Jul 20, 2017

Blackstone Group won't "pre-announce" succession plan

Dan Primack, author of Pro Rata

Ng Han Gua / AP

The Blackstone Group this morning fell into the maddening Wall Street boomerang of growing earnings but missing analyst estimates. Economic net income in Q2 2017 was 36% higher than during the year-earlier period, which works out to 59 cents per share but was below the Thomson Reuters estimate of 62 cents per share. Shares are down just slightly in early morning trading.

  • Headline: Real estate investments soared, credit investments sagged.
  • ROI: Blackstone has now been public for just over a decade. Investors who bought at the IPO price and reinvested their dividends into BX stock would be up 106%, per a firm statement.
  • Infrastructure: Blackstone expects to hold a first close on its massive infrastructure fund in Q1 2018.
  • Future leaders: Blackstone has no plans to follow KKR's recent lead in publicly announcing a succession plan. Firm president Tony James said during a media call: "We have succession plans for every critical seat, going out years, and are comfortable that we have the best succession planning in the industry. In private equity, for example, we're on our fourth or fifth leader and have never missed a beat. I don't know what you gain by pre-announcing things."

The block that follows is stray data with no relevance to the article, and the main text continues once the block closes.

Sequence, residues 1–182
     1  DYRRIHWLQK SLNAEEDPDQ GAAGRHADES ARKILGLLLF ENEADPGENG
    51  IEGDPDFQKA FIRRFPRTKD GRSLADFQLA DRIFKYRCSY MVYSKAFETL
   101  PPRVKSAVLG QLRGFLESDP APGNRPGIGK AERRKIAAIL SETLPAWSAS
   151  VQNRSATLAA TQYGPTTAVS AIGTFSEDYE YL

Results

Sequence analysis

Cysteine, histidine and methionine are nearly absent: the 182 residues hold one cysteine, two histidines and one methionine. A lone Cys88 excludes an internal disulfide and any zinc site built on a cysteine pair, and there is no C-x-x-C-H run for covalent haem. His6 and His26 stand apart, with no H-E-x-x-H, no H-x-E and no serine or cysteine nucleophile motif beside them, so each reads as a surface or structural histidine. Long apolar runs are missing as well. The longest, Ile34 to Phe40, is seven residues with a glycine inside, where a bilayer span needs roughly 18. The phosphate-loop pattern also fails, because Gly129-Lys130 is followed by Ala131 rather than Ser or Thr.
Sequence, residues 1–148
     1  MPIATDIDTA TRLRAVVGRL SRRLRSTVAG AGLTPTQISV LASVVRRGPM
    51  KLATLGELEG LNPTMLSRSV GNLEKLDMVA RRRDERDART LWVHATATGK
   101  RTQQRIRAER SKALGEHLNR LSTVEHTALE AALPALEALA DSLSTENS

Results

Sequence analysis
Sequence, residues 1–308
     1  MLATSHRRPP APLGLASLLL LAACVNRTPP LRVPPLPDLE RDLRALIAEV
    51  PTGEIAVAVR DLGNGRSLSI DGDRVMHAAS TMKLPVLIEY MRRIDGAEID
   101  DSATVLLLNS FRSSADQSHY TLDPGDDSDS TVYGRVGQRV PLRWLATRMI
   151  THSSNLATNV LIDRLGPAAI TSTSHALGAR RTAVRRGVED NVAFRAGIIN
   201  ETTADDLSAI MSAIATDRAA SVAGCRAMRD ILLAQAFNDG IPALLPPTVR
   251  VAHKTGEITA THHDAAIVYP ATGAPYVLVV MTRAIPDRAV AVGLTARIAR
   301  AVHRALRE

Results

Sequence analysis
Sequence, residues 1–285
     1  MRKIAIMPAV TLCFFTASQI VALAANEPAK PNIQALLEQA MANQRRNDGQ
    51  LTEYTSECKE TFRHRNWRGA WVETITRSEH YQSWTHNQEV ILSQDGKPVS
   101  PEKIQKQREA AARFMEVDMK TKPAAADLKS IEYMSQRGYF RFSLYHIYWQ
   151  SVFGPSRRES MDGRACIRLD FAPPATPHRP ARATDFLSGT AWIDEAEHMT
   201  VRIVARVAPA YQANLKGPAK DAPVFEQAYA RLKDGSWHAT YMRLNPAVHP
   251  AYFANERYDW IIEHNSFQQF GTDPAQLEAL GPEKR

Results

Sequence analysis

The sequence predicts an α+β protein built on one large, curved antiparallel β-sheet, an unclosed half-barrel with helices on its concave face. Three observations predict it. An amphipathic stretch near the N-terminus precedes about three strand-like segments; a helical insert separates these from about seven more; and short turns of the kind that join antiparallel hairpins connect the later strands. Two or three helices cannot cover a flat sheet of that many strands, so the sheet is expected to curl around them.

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DOJ to treat antifa involvement in protests as domestic terrorism

Barr and Trump. Photo: Doug Mills-Pool/Getty Images

Attorney General Bill Barr said in a statement Sunday that the Justice Department will use its network of 56 regional FBI Joint Terrorism Task Forces to identify the "criminal organizers and instigators" of violence during the George Floyd protests, including antifa and similar groups.

Why it matters: Barr, President Trump and other members of the administration have pinned the blame for riots and looting over the past few days of protests against police brutality on antifa, a loosely defined far-left movement that uses violence and direct-action protest tactics.

2 hours ago - Technology

Trump and Zuckerberg share phone call amid social media furor

Photo: Alex Wong/Getty Images

In the week that President Trump took on social media, Axios has learned that he had a call Friday with Facebook CEO Mark Zuckerberg that was described by both sides as productive.

Why it matters: With the White House and Twitter at war, Facebook has managed to keep diplomatic relations with the world's most powerful social-media devotee.

Twitter, Google lead chorus of brands backing George Floyd protests

Illustration: Lazaro Gamio/Axios

Twitter and Google are among the dozens of brands over the past 24 hours that have taken public stances in favor of Americans protesting racial equality. Some companies have changed their logos in solidarity with the movement, while others have pledged money in support of efforts to address social injustice.

Why it matters: The pressure that companies feel to speak out on issues has increased during the Trump era, as businesses have sought to fill a trust void left by the government. Now, some of the biggest companies are quickly taking a public stand on the protests, pressuring all other brands to do the same.